A quick search of “Best Cities for Millennials” yields thousands of results, and these articles tend to fall into two types of categories.
The first group highlights all the negative numbers released by the most recent census or unemployment report in an attempt to scare young people.
The second type generally delineates the cultural habits of millennials, showing that there is more to them than unemployment numbers suggest.
We’ve decided to combine the two types into one comprehensive list of the “19 Best Cities for Millennials”. On the one hand, we examine the unavoidable realities of being a young adult in the United States, including rising housing and rent prices, unemployment rates, the cost of living, and crime rates. On the other hand, we consider cultural appetites such as the entertainment and sports scenes, the average costs of beer, and where to find the best pizza in America. (Because, pizza.)
We combined all these variables into a valuation function to determine a Value According to Millennials Score, or VAM Score. The city that scored the lowest is number 19, and the city that scored the highest is number 1. If you want to read more about how we came up with these numbers, click here.
Otherwise, click on the slide show to see the 19 Best Cities for Millennials.
Milwaukee has the highest net percentage increase of employers on this list. In other words, there has been a recent increase of employers, which means there should be an increase in hiring in the near future. The city also boasts a large number of finance and service companies, and is great for beer lovers.
Sioux Falls has the lowest unemployment rate on this list and is a home to many financial services and healthcare groups. Furthermore, there has been a flourishing of white collar jobs, which has led to a cultural renaissance. There's even a free annual outdoor festival called 'Party in the Park'.
Denver sits in between the West Coast and large Midwest cities like Chicago, making it an ideal spot for large distributors. It also boasts a great park system and is home to numerous local and national breweries. There is also a great sports scene. Fun fact: the Broncos have sold out every home game since 1970.
Seattle has a low unemployment rate, and a relatively low cost of living. The city is great for parks, sports (especially considering the Seahawks' 2014 Super Bowl win), and music. However, rent is getting relatively expensive and the city is growing, so the cost of living might start to rise soon as well.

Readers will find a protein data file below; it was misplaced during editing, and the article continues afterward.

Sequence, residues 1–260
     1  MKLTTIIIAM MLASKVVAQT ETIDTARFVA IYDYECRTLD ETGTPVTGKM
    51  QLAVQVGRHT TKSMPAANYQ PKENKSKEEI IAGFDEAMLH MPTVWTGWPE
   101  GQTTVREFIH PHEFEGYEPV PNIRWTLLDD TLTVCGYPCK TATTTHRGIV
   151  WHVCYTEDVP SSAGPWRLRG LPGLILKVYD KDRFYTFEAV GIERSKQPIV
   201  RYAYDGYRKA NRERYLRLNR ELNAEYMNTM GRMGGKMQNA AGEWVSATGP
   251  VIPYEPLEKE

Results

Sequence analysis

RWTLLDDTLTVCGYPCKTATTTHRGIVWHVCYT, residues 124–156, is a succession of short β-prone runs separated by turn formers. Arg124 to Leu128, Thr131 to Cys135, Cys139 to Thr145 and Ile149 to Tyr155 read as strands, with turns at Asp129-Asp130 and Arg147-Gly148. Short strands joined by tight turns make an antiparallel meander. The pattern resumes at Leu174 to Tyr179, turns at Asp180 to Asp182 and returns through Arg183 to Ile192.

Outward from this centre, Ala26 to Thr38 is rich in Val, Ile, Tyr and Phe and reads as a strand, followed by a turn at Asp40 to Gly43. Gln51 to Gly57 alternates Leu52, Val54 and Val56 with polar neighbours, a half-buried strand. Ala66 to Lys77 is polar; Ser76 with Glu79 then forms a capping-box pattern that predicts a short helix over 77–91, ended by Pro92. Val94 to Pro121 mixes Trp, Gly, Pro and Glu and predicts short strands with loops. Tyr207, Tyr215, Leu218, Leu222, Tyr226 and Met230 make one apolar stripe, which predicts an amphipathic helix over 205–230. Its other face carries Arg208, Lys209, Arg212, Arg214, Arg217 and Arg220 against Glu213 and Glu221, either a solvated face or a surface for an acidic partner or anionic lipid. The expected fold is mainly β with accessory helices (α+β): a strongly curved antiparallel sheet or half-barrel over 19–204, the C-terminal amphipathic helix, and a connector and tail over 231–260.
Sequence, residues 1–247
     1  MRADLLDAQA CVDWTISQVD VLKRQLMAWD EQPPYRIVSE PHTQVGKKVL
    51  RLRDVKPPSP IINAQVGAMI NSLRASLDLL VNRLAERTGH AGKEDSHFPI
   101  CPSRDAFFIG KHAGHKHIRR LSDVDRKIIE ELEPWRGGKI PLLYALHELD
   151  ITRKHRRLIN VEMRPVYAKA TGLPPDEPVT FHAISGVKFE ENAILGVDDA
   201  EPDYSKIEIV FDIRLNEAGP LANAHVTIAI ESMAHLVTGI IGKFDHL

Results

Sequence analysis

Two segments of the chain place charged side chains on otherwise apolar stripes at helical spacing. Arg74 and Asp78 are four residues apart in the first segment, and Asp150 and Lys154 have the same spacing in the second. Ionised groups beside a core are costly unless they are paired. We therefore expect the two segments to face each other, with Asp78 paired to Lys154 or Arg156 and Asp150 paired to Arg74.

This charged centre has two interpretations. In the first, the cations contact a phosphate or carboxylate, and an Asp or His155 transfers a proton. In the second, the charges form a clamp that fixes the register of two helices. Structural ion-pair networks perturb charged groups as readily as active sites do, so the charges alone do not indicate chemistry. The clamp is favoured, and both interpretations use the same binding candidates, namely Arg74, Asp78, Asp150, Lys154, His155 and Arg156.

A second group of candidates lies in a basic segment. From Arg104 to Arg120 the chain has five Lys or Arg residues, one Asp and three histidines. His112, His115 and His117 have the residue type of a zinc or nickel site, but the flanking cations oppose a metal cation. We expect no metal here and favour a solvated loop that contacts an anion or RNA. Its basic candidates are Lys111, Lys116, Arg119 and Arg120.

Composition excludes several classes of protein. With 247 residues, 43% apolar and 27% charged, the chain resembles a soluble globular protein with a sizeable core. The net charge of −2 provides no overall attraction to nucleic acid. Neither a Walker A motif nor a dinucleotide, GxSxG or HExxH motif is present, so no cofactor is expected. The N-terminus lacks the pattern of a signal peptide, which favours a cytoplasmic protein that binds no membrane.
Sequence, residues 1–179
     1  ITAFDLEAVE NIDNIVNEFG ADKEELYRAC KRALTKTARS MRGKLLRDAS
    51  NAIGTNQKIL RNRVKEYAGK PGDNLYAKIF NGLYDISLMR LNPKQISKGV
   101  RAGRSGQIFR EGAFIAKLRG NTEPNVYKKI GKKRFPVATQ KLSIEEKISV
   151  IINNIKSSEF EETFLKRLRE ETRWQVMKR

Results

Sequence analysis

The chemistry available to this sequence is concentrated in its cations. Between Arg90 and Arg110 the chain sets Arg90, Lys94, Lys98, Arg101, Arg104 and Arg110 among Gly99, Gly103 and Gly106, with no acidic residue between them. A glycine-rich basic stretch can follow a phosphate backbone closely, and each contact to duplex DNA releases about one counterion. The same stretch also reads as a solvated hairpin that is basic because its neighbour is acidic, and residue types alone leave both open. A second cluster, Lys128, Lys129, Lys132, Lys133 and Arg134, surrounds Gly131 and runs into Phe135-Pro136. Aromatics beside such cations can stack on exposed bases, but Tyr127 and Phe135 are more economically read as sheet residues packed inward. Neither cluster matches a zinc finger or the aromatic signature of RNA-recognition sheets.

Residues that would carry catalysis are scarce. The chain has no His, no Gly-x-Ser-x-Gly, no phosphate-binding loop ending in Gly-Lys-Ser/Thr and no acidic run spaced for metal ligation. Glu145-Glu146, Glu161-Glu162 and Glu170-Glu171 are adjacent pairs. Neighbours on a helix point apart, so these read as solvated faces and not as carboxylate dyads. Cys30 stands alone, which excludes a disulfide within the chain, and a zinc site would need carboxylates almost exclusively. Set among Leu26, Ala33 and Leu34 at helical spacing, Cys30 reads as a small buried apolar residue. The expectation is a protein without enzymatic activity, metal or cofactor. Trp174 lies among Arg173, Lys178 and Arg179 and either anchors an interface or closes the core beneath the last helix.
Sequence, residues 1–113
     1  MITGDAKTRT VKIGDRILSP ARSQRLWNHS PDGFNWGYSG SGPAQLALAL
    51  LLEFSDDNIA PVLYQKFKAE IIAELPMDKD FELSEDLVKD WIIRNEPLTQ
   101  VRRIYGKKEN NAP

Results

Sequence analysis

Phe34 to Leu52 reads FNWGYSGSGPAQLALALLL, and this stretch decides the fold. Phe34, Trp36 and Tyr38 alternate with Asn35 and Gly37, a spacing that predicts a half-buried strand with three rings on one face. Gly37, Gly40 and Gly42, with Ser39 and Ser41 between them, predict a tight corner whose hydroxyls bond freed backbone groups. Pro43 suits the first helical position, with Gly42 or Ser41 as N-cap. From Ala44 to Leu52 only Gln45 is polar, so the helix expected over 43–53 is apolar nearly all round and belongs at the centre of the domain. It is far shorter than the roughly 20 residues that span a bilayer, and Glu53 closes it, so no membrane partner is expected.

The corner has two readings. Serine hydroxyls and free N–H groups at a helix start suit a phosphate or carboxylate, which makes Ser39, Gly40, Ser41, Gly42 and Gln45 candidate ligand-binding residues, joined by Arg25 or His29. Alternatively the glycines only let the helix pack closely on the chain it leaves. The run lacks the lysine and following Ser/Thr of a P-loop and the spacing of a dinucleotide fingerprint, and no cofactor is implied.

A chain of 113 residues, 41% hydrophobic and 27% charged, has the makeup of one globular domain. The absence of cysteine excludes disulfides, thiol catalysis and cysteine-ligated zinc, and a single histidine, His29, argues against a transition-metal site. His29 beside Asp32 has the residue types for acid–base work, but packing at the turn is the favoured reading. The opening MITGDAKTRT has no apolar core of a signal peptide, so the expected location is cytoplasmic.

Salt Lake City has low unemployment, and also boasts a large net increase of employers (meaning more people will be hired in the years to come). There's many different industries -- ranging from the headquarters of the Huntsman Corporation, a Fortune 500 company, to high-tech firms like Adobe -- which will no doubt attract talented young people.
Relative to other giant cities in the U.S., Chicago has inexpensive rent. Furthermore, it's great for culture, restaurants, and sports, making it an attractive option for millennials. However, unfortunately, it also has the highest unemployment rate on the list.
Columbus has one of the lowest costs of living for both things that you need (like milk) and things that you want (like beer). It also has an extremely diverse economy including education, banking, aviation, and energy.
D.C. is the best place to go if you're looking for a career in politics. Furthermore, 51.2% of the population has a Bachelor's degree, making it one of the most educated and intellectually thriving cities. It's also a great spot for working women, and has great museums. Plus, there are beautiful Cherry Blossoms in the Spring.
San Francisco has the largest percentage of people with Bachelor's degrees and is known for its illustrious tech scene. It is a great place for sports fans, and is also great for professional women. However, all this new industry growth has led to a high cost of living, and also the most expensive median rent.
Dallas has one of the highest concentrations of corporate headquarters of publicly traded companies in the U.S., and houses companies such as ExxonMobil, American Airlines, and Neiman Marcus. Furthermore, Dallas has more shopping centres per capita than any other city in the U.S. Finally, Dallas is known its food scene, is great for working women, and has a lower standard of living than other major cities.